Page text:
and that they cannot afford to wait around to be told what to do next. The next scene shows a group of rocket scientists (stripped of their traditional roles) gathered around a table with an emptied box of equipment and gear (the same that is available to the astronauts), with the marching orders to build a filter. It is pure prototyping time; no up-front documentation, no specifications, and no approval sign-offs or change requests. The team needs to get busy building it — working collaboratively as a creative team.
After I show my training class this short video, I usually point out the line: "This just isn’t a contingency we’ve remotely looked at." I ask the group if this line sounds familiar. I caution that we should not fault ourselves for not being able to foresee every single possible contingency. True, we may uncover some during a risk analysis, but we cannot predict them all. It is the hidden unknowns that catch us off guard. This is one major reason why we embrace an Agile approach — as stated in the Agile Manifesto, Responding to change over following a plan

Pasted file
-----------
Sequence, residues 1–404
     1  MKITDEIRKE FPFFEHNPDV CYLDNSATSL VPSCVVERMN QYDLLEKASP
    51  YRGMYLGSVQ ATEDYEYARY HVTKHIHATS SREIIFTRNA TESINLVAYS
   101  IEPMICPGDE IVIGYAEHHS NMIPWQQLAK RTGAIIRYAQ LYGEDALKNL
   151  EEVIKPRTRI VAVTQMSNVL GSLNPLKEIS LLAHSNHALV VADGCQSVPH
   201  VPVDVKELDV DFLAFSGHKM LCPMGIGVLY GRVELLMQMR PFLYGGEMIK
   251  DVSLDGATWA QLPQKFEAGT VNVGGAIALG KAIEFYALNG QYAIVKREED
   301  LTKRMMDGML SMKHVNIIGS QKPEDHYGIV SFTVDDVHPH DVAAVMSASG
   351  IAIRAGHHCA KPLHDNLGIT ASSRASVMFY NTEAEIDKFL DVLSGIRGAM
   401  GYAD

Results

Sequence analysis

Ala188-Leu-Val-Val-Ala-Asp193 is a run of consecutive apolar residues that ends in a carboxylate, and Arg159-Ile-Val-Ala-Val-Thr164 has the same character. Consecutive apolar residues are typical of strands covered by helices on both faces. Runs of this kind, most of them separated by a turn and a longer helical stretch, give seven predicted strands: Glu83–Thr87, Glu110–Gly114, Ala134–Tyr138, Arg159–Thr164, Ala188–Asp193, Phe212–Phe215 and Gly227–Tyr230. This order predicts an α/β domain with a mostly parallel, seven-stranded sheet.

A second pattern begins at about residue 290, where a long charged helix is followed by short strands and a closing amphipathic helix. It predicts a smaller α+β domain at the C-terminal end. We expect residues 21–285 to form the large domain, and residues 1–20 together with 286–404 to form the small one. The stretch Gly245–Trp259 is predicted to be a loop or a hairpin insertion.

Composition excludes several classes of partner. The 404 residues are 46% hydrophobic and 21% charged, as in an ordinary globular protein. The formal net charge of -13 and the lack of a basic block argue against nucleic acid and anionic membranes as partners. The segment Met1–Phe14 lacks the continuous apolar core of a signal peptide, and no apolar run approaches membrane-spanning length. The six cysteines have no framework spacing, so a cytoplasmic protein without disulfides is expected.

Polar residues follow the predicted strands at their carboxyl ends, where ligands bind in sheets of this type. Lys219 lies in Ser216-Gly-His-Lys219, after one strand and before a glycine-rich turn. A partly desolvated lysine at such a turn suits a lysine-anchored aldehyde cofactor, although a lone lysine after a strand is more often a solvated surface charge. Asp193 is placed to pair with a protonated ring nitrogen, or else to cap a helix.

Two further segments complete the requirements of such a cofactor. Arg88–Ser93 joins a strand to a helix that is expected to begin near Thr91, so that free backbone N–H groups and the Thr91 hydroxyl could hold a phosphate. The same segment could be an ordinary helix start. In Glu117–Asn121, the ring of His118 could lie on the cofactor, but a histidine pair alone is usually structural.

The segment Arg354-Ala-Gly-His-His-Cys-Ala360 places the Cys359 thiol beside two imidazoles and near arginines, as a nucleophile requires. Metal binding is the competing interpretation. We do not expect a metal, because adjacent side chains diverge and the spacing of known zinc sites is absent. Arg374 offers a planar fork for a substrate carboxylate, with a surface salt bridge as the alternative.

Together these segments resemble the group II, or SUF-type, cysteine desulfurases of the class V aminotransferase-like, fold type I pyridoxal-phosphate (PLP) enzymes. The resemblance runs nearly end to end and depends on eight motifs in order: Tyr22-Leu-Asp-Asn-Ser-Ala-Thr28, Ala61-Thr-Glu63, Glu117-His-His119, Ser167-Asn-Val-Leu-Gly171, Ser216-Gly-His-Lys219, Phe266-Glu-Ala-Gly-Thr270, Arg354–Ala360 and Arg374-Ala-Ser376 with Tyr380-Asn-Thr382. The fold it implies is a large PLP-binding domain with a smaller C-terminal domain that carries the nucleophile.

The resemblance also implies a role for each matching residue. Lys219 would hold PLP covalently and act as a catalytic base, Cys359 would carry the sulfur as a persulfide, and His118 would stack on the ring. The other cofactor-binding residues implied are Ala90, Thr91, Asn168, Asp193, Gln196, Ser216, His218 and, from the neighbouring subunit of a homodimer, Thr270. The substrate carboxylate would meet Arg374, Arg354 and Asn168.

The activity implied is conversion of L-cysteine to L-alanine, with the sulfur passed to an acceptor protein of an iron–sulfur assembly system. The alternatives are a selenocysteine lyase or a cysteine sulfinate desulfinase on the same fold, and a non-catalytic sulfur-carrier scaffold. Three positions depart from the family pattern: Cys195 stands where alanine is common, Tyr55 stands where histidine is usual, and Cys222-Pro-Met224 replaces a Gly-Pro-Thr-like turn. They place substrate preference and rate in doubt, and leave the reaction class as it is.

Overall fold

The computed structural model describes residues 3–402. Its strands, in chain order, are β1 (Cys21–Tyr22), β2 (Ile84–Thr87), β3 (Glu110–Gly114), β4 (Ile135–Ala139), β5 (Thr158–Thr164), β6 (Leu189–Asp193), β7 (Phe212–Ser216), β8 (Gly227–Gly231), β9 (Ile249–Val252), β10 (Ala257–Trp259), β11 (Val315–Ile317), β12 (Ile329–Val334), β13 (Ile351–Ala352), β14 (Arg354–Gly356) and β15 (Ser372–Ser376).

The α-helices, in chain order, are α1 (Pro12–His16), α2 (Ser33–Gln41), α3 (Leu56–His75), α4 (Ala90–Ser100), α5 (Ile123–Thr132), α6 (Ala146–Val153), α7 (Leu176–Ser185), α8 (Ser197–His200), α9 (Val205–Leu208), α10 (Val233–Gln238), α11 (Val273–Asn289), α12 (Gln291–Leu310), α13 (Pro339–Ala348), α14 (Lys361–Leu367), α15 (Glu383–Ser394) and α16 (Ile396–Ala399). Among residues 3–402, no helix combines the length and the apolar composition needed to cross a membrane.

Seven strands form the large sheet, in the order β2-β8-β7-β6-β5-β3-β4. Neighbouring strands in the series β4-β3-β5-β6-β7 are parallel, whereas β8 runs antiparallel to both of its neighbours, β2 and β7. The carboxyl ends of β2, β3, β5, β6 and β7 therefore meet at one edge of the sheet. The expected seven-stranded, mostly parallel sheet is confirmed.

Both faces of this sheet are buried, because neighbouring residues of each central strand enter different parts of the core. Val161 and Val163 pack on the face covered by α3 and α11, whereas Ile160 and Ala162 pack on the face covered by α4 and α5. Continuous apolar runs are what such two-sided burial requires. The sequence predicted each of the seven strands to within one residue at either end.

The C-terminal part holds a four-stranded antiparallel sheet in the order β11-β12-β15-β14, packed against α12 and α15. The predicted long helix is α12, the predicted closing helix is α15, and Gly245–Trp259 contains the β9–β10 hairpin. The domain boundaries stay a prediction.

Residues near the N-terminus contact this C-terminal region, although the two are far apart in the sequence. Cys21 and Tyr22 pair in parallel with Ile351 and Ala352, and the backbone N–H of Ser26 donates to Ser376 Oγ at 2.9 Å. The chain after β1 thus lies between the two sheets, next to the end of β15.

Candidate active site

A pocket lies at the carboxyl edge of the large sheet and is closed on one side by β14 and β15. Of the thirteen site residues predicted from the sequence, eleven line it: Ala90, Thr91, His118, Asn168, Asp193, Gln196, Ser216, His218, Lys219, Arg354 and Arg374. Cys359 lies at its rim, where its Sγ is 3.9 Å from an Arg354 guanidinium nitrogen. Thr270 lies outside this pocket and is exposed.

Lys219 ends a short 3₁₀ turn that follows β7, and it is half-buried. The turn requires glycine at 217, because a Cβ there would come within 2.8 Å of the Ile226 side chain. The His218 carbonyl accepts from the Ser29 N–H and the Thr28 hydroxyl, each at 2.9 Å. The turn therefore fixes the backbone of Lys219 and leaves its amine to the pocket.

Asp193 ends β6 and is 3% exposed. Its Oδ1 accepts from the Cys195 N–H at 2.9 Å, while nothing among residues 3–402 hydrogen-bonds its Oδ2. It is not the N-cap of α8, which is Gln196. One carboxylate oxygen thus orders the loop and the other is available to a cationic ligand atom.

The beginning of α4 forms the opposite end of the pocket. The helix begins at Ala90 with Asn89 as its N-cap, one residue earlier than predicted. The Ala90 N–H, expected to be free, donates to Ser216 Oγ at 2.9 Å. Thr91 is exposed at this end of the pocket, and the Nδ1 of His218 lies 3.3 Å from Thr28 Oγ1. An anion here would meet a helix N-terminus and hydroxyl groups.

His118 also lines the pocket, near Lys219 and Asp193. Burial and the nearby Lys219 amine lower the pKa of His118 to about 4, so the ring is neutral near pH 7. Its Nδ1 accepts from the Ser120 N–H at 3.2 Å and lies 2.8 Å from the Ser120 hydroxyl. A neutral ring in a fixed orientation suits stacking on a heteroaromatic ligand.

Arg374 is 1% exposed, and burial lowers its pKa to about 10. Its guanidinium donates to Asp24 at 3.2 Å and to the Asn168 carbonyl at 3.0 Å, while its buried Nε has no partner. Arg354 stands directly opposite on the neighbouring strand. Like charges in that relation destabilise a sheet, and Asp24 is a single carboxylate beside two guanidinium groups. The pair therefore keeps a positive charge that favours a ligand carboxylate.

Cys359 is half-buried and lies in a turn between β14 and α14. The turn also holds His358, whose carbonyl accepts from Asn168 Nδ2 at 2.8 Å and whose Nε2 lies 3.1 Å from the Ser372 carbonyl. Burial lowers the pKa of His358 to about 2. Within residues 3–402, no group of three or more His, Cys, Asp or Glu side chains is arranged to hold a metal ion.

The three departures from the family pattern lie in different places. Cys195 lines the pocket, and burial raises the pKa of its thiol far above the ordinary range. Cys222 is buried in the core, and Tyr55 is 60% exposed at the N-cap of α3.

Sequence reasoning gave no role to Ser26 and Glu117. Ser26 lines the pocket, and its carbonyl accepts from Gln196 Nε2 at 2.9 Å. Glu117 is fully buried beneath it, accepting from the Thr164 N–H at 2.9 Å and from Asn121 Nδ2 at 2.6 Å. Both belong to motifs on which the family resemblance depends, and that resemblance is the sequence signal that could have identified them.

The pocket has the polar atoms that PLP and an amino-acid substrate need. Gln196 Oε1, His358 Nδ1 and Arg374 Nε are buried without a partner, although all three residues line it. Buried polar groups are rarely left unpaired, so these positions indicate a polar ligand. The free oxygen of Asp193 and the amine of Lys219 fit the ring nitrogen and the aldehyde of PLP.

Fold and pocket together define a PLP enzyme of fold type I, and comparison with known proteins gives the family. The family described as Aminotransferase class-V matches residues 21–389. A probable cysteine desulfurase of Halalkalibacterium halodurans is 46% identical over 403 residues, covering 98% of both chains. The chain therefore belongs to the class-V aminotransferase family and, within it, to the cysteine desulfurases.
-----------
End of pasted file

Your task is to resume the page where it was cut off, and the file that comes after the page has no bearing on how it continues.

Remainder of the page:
In my orientation, we discuss how the original business requirement (or vision) has changed. I ask them to identify the new high-level business requirement, which is really a no-brainer. Often, someone will chime in with, "Get the astronauts home — back to Earth!" To this I respond, "Get the astronauts back home alive
?" This dialogue is a great way to introduce (albeit in an amusing way) how assumptions are often built into requirements, implied but unstated. Would a user story possibly solve this by using acceptance criteria?
Differentiating between a user story and a task
Next I ask the team to help me write a user story for the specific problem we are trying to solve. Although the story varies from class to class, it typically emerges in the format, "As an astronaut, I need a filter system to reduce the CO2